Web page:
WebAIM - Web Accessibility In Mind

Semantic Automation

Semantic automation is when user agents, such as browsers and screen readers, create meaning and relationships where the presented meaning and relationships are missing, ambiguous, or incorrect. In short, it’s applying algorithms to try and fix things that are probably broken. It’s computers guessing for good.

In a very simple example, it is Google’s “Did you mean…?” functionality. It’s much of what allows iPhone’s Siri to use loads of data to hopefully figure out what the heck you’re asking it to do.

As an example in the accessibility realm, if a form control does not have an associated label, the JAWS and VoiceOver screen readers will implement algorithms to auto-associate adjacent text to the control. In short, they guess what the label probably is. While this can improve the user experience in many cases, this semantic automation often fails. Even a line break or spanned text can break the current algorithms. And worse, an incorrect label for a control might be read if the layout is complex or different than the norm (such as when labels for checkboxes are placed to the left the checkboxes) .

When computers guess, the results are often not very good. But guessing is usually better than nothing.

Automation and Evaluation

I had switched my primary evaluation platform from JAWS to VoiceOver some time ago because until recently, VoiceOver did not implement semantic automation. It was very literal. If a text box was not properly labeled, it simply identified the presence of the text box, even if there was descriptive text next to it. With the release of iOS5 and Lion, VoiceOver will now auto-associate the adjacent text. When done correctly, this will be very helpful to users, but for evaluation, there’s no way to know if label text is actually associated or if VoiceOver or JAWS is just assuming it should be. And there’s no option to disable this functionality.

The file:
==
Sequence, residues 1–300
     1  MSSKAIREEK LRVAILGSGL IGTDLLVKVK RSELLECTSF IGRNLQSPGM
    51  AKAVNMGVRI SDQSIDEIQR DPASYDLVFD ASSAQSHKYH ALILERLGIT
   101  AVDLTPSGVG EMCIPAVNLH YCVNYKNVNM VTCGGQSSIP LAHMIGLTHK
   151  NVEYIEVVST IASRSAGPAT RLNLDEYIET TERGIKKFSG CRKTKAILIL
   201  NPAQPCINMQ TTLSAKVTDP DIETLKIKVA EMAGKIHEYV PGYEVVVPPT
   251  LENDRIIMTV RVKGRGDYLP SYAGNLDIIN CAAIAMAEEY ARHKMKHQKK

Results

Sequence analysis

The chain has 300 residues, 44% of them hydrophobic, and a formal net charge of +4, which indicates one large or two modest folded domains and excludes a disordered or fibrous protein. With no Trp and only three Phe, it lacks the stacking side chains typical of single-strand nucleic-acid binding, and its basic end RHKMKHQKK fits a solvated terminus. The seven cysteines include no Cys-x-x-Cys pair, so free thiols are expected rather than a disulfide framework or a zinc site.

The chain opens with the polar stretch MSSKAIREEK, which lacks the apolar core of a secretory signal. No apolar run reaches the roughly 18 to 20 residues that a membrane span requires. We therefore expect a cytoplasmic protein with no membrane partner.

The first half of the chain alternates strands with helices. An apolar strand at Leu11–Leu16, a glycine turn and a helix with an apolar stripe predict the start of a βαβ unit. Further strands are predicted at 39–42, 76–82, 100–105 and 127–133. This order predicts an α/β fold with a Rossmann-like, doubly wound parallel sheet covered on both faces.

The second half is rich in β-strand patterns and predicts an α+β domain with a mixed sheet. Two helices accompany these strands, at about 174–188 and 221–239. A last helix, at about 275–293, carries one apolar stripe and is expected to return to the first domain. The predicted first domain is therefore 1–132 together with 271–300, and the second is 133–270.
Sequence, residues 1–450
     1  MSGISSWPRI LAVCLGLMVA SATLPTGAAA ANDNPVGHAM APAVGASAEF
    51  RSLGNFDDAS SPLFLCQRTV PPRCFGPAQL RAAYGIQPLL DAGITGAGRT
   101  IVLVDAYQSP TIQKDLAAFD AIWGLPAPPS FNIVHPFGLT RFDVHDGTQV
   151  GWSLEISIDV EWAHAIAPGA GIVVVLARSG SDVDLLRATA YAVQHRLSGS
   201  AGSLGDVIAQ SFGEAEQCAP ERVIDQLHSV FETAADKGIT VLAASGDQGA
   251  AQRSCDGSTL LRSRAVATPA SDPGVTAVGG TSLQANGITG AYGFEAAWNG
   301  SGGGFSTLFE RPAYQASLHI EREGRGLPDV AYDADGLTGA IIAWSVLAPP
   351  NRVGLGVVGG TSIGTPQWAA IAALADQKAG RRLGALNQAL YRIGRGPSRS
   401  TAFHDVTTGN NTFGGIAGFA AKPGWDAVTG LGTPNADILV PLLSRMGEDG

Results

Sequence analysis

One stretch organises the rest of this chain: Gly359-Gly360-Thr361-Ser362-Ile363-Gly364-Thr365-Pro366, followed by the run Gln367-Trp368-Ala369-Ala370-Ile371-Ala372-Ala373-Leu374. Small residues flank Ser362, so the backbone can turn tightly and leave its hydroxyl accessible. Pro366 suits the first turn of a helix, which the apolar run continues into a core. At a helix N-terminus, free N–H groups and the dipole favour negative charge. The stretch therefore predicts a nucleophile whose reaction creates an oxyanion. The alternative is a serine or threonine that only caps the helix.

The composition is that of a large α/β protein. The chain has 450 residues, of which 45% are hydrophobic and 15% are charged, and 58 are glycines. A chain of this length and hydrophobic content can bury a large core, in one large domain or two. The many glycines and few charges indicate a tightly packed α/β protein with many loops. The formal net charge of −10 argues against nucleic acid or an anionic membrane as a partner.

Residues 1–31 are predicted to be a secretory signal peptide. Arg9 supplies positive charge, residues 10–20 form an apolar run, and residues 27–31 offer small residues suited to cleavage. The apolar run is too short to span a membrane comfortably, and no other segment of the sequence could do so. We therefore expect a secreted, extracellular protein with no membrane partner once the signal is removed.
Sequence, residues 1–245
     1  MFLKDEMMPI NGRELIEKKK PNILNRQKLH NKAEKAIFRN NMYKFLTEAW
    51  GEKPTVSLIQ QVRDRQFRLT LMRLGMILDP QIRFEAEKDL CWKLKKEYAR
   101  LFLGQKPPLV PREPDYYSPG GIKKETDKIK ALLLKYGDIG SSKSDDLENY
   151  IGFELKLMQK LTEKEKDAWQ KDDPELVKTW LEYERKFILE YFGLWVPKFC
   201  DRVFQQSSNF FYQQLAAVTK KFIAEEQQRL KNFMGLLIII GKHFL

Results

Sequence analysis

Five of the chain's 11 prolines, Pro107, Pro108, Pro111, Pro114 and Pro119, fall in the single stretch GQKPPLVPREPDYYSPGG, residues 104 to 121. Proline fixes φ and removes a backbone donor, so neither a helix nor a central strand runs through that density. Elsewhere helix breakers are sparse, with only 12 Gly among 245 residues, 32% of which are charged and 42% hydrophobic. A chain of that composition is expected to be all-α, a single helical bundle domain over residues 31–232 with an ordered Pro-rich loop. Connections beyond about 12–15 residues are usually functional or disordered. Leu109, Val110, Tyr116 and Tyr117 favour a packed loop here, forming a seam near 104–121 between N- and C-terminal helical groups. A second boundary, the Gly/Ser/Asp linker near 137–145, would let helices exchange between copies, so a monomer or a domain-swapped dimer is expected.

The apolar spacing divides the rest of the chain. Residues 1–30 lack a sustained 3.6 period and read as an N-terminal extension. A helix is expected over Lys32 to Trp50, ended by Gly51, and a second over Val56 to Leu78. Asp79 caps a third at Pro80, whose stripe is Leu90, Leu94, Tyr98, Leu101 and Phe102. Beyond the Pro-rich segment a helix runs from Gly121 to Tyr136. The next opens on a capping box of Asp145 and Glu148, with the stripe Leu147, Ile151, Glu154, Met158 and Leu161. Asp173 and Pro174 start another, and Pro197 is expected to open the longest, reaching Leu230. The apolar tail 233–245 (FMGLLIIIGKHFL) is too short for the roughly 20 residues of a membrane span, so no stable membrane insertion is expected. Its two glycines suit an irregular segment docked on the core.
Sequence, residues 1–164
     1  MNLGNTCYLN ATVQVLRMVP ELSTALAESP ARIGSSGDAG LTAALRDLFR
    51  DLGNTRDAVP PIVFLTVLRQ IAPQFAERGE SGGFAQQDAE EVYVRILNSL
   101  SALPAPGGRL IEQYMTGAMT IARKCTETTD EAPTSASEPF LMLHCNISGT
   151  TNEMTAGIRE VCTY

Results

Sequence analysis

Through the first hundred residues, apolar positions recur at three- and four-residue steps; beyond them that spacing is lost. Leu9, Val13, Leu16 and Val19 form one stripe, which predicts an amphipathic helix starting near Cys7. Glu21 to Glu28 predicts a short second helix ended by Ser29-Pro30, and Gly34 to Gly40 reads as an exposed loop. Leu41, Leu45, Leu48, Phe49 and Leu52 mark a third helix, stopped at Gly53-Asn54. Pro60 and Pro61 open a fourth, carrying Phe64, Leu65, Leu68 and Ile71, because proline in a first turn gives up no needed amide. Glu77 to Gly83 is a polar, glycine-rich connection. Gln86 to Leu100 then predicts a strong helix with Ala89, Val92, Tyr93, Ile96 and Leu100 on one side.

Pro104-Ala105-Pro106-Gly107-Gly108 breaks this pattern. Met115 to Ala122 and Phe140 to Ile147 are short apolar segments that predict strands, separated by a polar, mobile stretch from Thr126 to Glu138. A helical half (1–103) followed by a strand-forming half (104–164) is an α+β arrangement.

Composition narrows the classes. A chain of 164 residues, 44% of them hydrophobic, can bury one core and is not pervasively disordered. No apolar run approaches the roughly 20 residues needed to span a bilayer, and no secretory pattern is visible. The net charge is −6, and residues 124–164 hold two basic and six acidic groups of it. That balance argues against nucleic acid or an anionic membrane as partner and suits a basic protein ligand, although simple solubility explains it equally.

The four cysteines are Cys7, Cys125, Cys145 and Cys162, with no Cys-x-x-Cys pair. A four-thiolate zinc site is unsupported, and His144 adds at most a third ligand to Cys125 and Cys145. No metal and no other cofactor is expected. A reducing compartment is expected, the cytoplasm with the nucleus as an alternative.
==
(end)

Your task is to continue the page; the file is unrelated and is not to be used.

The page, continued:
This creates a situation where screen reader evaluation and even user testing may not accurately reveal underlying accessibility issues. But this begs the question, if the user agent fixes the issue most of the time, is it really an issue at all?

Automation and Conformance

In order to be compliant with the Web Content Accessibility Guidelines 2.0, you have to implement accessibility. These guidelines don’t address or allow semantic automation. But what if they did? Most of the impactful success criteria could be automated by user agents to some extent:

  • 1.1.1 – Alternative text: Image analysis could be performed to determine the content or description of an image.
  • 1.2 – Captions and transcripts: Audio recognition could be done to auto-generate a transcript and captions, similar to YouTube’s automatic captioning functionality.
  • 1.3.1 – Information and relationships: Headings could be assumed based on text size, length, and location. Form labels could be auto-associated. Table headings could be assumed based on styling and table structure. Lists could be auto-generated when numbers, bullets, sequential items, etc. are used.
  • 1.3.2 – Meaningful sequence: The reading and navigation order of content could be based on the visual layout, rather than the underlying markup.
  • 1.4.1 – Color, 1.4.3 – Contrast: Browsers could automatically replace colors or increase contrast if they don’t meet certain thresholds.
  • 1.4.5 – Images of text: Character recognition could be implemented to replace images of text with true text.
  • 2.4.1 – Bypass blocks: A user agent could analyze the document and define navigable page areas based on structure and visual presentation. VoiceOver does this now with auto-webspots.
  • 2.4.4 – Link purpose: Screen readers could analyze link context to turn “Click here” into meaningful, descriptive text.
  • 3.1.1 and 3.1.2 – Language of Page and Parts: The computer could determine the language of content automatically, or even automatically translate it.

And there’s more. These types of semantic automation would all be very beneficial to users with disabilities, but they will never be as good as authors just doing it right.